See also the following cases :

n Wherever there is a conflict between a Double Taxation Avoid­ance Agreement (DTA) and specific provisions contained in Income-tax Act, provisions of DTA will prevail over statutory provisions contained in Act—CIT v. Hindusthan Paper Corpn. Ltd. [1994] 77 Taxman 450 (Cal.).

n Provisions of the DTA Agreement will prevail over the general provisions contained in the 1961 Act— Elkem Spigerverket A/s. v. ITO [1988] 32 TTJ (Cal.) 5.

n In event of conflict between provisions of Double Taxation Agreement and National Tax Laws, former would prevail—AEG Ak­tiengesselschaft v. IAC [1994] 48 ITD 359 (Bang.).

n Provisions of section 90 prevail over those of sections 4, 5 and 9—CIT v. Visakhapatnam Port Trust [1983] 144 ITR 146 (AP).

n In view of section 90(2) where a Double Taxation Avoidance Agreement exists such provisions of Income-tax Act which are against assessee, can never be made applicable—CIT v. Hindusthan Paper Corpn. Ltd. [1994] 77 Taxman 450 (Cal.).

n The provisions of Double Taxation Agreement would constitute ‘provisions of the Act’ for the purpose of determining the chargeability of income-tax for the purpose of deduction of tax at source—Gujarat Narmada Valley Fertilisers Co. Ltd. v. ITO [1982] 2 ITD 515 (Ahd.).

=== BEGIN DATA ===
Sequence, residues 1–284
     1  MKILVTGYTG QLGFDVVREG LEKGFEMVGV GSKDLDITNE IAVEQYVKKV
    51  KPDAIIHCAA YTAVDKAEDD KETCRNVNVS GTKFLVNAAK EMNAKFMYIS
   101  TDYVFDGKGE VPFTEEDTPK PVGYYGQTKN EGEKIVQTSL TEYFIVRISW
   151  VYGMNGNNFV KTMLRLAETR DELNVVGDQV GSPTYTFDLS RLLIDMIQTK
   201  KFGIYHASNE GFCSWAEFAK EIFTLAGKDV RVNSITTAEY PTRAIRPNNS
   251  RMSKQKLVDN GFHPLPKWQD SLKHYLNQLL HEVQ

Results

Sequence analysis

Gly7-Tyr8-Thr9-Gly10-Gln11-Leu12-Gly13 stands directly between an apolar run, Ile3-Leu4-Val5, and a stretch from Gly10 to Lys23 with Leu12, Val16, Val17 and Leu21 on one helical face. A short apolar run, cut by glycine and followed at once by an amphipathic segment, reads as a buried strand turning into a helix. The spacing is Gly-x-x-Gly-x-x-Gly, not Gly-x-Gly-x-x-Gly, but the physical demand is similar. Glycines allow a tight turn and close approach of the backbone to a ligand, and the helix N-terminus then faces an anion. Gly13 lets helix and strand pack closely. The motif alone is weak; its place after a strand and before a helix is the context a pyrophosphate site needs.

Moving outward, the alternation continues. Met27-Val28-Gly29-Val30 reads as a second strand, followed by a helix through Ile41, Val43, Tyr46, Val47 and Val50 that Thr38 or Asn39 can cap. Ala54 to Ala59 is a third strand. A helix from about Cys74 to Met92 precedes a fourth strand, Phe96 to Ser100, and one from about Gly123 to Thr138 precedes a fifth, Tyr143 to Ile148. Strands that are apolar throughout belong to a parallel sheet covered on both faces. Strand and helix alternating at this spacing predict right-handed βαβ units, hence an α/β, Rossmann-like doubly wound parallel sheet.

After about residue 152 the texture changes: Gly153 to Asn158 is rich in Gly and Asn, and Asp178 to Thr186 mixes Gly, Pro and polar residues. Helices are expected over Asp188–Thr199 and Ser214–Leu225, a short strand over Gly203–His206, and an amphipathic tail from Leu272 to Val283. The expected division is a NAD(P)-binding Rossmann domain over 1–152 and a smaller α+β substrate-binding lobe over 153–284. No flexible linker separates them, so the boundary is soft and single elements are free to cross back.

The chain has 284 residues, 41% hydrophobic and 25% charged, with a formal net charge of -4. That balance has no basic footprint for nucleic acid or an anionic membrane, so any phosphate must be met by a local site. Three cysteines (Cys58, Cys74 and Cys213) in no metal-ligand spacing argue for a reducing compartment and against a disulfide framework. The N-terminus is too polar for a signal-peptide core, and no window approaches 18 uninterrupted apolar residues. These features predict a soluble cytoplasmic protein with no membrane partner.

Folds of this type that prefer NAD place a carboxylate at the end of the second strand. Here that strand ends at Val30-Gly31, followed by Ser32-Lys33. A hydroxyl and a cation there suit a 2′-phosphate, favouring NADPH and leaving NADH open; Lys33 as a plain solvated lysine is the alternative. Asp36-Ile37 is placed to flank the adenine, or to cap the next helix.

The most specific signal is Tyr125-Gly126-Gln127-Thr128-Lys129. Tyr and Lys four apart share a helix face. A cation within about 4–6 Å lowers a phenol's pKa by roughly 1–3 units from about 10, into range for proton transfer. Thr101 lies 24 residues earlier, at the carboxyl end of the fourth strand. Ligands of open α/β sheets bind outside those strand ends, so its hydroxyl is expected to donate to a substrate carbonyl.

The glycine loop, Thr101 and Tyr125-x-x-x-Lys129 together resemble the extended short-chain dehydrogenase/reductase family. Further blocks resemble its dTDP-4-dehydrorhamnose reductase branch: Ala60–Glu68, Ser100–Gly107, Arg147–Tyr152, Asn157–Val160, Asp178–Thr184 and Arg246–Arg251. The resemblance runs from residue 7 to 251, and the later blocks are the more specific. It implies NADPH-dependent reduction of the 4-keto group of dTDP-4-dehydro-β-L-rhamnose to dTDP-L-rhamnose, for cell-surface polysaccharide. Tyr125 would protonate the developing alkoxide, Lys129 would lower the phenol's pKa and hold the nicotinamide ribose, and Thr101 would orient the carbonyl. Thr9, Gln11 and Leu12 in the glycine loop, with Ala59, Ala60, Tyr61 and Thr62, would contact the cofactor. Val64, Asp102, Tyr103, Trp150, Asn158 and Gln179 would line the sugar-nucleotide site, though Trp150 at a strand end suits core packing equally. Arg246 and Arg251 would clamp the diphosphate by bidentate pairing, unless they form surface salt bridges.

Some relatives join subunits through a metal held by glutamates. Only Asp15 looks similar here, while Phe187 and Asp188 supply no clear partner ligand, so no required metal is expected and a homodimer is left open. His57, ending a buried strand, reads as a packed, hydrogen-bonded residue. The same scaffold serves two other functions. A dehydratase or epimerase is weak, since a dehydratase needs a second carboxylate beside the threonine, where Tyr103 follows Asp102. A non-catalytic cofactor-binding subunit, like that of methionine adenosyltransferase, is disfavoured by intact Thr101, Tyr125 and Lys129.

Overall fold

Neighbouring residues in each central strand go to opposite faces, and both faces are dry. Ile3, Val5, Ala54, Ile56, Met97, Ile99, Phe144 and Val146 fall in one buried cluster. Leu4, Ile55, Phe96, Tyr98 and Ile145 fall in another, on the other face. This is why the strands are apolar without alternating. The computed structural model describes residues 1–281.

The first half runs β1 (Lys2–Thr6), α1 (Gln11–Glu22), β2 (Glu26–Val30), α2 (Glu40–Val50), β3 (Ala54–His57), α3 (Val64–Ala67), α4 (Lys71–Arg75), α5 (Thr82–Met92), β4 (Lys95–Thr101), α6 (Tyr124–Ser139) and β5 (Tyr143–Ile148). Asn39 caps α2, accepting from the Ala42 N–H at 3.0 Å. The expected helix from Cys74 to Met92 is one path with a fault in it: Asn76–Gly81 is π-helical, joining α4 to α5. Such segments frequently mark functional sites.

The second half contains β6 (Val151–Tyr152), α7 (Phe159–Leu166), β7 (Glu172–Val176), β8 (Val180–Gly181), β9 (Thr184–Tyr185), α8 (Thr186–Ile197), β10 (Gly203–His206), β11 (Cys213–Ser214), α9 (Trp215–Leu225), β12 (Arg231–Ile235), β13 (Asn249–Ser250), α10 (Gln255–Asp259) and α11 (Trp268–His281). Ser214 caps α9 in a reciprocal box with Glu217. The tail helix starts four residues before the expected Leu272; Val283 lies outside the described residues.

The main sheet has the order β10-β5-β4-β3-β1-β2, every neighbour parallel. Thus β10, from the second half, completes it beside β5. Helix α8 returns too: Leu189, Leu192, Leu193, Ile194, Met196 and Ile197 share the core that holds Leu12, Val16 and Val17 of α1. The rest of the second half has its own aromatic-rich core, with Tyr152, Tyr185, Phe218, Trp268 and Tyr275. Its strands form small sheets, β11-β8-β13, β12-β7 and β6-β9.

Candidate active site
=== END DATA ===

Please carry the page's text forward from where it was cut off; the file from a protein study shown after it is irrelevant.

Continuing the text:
n There is no justification for holding that foreign nationals, having elected to be governed by double taxation treaty, cannot ask for application of any provision of the Income-tax Act even when such provision is beneficial to them— Foramer S.A. v Dy. CIT [1995] 52 ITD 115 (Delhi).

n Law in force on first day of assessment year will govern admis­sibility of double taxation relief— M.KR. Deivanayagam Pillai v. Second Addl. ITO [1959] 35 ITR 549 (Mad.).

n Section 90(a) can only supplement relief under section 80RRA—ITO v. Dr. B.K. Jain [1995] 52 ITD 367 (Jp.) (SMC).

n If assessee is entitled to relief under section 90 which it has not claimed during assessment, such relief can be claimed by filing a rectification application—Indian Industrial Traders & Dealers Ltd. v. ITO [1989] 29 ITD 282 (Cal.).

n Relief is admissible on gross amount of foreign dividends—CIT v. Tata Chemicals Ltd. [1986] 162 ITR 662 (Bom.).

n Section 172 will not be applicable in case where there is a convention between the Government of India and the foreign countries as provided under section 90—Arabian Express Line Ltd. of United Kingdom v. United of India [1994] 120 CTR (Guj.) 377.

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Category : Income Tax (24908)
Type : Circulars (7452) Notifications/Circulars (29855)